Feeding Seniors: Tips for Caregivers and Families

Published In Health & Well-Being

April 26th, 2018

While everyone needs nourishing and well-balanced daily meals, caregivers and families need to recognize this is especially true for seniors. Many seniors have medical conditions, such as diabetes, that require special dietary attention, compounded by lagging appetites. That means caregivers and families must also make sure that seniors get sufficient protein along with enough vegetables and fruits and sufficient whole grains.

An easily downloaded online booklet from the Food and Drug Administration provides clear-cut information about daily nutritional needs. Reading through the booklet can help family members and caregivers interpret nutrition labels, determine serving sizes, and understand which dietary elements are beneficial and which may be harmful. That way they can shop for and cook balanced meals.

Because not all family members and caregivers, or even seniors themselves, cook their own meals, modern technology and entrepreneurship now offer an amazing variety of different ways to feed seniors and everyone else in a family. Among these are on-site meal preparation services and meal delivery plans that tailor menus to meet specific dietary needs.

Hiring Professional Food Services

Hiring an outside service can be both convenient and a time-saver for family members or the caregiver. Food services also let customers stock up on prepared dishes for freezing and for later thawing and reheating. An internet search will disclose many different kinds of meal service plans, among them:

Grocery delivery: A growing number of supermarkets, such as Walmart, some Whole Foods stores, and Kroger’s with its numerous affiliates, have set up a home delivery service; some even offer prepared and precooked meals.  In some areas, consumers can also check out online supermarket shopping for the delivery of perishable and nonperishable foods. For example, the online supermarket Peapod operates in certain Northeast and Mid-Atlantic states. But that is just one of numerous other food sources, some of which are located outside of the US.

Restaurant-to-home deliveries: Some enterprising business owners offer services that deliver ordered meals from local restaurants to homes. Such services include GrubHub, DoorDash, OrangeCrate, UberEats and eat24. Modern technology also offers an app that allows customers to enter their location and to find which service works in their locale. Maybe as many as 100,000-plus restaurants nationwide deliver meals.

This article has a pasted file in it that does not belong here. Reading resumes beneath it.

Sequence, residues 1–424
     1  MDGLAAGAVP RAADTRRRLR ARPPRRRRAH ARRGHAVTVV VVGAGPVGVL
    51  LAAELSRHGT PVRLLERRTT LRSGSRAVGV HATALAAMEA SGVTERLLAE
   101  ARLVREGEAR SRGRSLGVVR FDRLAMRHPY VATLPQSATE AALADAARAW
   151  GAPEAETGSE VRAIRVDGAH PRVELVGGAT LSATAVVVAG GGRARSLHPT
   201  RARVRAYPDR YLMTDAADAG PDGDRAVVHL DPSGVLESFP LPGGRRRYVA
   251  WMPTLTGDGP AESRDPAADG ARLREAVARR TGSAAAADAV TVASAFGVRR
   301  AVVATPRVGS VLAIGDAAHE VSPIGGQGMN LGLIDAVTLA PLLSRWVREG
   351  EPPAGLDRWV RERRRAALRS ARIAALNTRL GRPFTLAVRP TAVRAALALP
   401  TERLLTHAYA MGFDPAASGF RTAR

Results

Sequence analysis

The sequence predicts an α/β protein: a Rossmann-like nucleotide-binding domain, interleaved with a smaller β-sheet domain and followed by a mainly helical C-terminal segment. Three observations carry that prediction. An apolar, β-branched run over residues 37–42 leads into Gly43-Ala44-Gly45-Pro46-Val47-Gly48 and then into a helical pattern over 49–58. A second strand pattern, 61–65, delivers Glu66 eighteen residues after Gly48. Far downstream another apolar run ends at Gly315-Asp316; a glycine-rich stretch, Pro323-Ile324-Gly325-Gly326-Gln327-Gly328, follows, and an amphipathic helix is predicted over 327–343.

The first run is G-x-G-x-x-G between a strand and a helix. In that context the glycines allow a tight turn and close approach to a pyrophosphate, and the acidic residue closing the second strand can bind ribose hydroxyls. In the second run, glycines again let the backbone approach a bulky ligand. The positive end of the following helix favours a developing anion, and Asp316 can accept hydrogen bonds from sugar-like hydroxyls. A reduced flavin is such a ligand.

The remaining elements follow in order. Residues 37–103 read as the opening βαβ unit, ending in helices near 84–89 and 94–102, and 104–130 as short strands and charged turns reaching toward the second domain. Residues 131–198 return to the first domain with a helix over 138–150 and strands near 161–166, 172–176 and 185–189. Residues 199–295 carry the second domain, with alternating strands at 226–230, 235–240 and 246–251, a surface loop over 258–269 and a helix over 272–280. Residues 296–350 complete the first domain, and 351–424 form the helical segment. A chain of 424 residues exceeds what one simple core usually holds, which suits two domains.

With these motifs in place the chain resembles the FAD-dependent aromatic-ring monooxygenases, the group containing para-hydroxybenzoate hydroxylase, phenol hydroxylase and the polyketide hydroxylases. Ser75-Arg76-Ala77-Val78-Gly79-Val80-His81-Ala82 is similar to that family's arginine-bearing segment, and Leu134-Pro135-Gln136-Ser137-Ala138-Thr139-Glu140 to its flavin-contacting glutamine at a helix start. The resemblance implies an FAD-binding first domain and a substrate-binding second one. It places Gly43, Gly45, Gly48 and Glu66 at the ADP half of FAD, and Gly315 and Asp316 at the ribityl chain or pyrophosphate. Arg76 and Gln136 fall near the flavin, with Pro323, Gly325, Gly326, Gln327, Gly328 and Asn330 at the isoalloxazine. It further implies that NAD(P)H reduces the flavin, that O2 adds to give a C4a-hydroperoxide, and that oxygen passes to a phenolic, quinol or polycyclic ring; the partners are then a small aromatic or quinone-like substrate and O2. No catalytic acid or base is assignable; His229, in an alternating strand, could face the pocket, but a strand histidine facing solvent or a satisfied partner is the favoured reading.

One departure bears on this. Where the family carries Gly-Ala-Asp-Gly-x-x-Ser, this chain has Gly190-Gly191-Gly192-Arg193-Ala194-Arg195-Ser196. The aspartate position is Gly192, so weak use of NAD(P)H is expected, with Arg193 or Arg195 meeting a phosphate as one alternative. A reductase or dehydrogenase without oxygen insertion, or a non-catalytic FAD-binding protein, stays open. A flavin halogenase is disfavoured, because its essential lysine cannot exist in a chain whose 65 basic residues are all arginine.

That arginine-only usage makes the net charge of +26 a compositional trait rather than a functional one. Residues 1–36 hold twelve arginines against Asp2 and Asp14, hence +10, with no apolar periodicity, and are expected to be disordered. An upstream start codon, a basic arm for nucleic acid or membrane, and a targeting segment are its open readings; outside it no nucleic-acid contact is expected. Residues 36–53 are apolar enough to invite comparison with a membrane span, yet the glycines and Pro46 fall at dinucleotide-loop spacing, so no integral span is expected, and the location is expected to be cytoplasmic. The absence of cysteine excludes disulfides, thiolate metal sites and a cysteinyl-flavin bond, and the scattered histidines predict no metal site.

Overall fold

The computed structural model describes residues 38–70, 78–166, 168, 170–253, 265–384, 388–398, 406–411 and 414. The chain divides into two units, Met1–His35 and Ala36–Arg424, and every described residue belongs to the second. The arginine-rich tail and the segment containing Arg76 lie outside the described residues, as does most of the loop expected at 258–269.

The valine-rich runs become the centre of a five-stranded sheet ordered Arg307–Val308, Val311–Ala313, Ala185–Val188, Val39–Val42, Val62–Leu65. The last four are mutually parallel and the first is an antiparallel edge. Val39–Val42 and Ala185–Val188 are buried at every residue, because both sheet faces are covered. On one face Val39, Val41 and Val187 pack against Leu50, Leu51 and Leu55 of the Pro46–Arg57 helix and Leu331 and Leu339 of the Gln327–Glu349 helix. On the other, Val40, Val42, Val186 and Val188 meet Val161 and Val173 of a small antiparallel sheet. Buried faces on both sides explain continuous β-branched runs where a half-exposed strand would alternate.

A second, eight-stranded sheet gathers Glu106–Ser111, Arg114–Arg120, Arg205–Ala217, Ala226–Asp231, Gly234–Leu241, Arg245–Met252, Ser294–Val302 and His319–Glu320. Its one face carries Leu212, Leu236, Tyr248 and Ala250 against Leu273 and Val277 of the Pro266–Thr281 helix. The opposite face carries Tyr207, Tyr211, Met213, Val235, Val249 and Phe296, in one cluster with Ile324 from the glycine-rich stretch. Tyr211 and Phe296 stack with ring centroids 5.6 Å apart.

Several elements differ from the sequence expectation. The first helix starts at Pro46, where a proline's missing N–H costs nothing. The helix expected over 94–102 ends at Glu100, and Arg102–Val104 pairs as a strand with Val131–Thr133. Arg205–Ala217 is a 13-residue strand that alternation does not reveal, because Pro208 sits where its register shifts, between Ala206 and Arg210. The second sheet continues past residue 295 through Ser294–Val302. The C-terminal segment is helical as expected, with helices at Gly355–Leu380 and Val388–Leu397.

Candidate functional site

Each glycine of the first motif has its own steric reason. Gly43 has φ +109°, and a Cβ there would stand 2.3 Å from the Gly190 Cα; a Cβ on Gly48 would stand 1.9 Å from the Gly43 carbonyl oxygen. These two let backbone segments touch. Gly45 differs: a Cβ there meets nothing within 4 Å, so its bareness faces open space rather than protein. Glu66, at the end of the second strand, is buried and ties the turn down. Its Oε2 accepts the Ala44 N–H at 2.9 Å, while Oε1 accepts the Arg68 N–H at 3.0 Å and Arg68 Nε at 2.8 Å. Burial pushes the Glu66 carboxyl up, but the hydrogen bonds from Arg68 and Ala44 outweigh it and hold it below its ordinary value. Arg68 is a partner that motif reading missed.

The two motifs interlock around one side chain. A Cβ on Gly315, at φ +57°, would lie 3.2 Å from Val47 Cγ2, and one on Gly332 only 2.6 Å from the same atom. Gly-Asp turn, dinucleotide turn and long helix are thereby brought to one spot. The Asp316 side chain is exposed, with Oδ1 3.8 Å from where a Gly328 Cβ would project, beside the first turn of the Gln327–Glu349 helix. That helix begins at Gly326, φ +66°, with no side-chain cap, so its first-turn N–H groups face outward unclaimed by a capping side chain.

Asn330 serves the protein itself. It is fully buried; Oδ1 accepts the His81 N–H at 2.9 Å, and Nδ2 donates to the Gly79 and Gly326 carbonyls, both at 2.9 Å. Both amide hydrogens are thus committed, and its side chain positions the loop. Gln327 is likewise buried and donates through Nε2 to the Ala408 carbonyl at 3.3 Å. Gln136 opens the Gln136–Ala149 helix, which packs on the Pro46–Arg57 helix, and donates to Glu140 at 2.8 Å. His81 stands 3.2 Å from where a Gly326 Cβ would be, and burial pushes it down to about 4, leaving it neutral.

Personal chef and meal delivery services: Many businesses offer chef services for seniors. These are locally based, so family members and caregivers must locate those in their area. Again, an internet search should do the trick.

Several programs have a more national presence as, for example, Meals on Wheels America, Personal Chef to Go, and Munchery. Meals on Wheels aims to assure that no senior goes without daily meals; the program is affordable and either delivers meals to community centers or to private homes. The Personal Chef to Go sends out meals for specific lifestyles and its meal programs are based on the guidelines by the American Heart Association. Munchery has its own kitchens staffed with trained chefs who assemble and deliver nutritious dinners in disposable containers.

Food banks, soup kitchens, and food pantries: The overall goal of these bodies is to provide meals or basic food needs to the underprivileged. The main source for food for soup kitchens and food panties are local food banks. These organizations collect and distribute items from local supermarkets, churches, and food wholesalers that have thousands of pounds of product that would otherwise go to waste.

For example, the St. Lucy Project in Northern Virginia has as its goal to feed nearly a quarter million hungry in the Diocese of Arlington. Under the auspices of Catholic Charities of the Diocese of Arlington, it runs annual food drives through local parishes, and stocks its warehouse with foods waiting for distribution to local food pantries.

Church food pantries throughout the country have services to feed the hungry. A national database helps local groups find food sources for these pantries and for soup kitchens in need of supplies. Also non-church-based groups, such as United Way, offer resources to feed the hungry.

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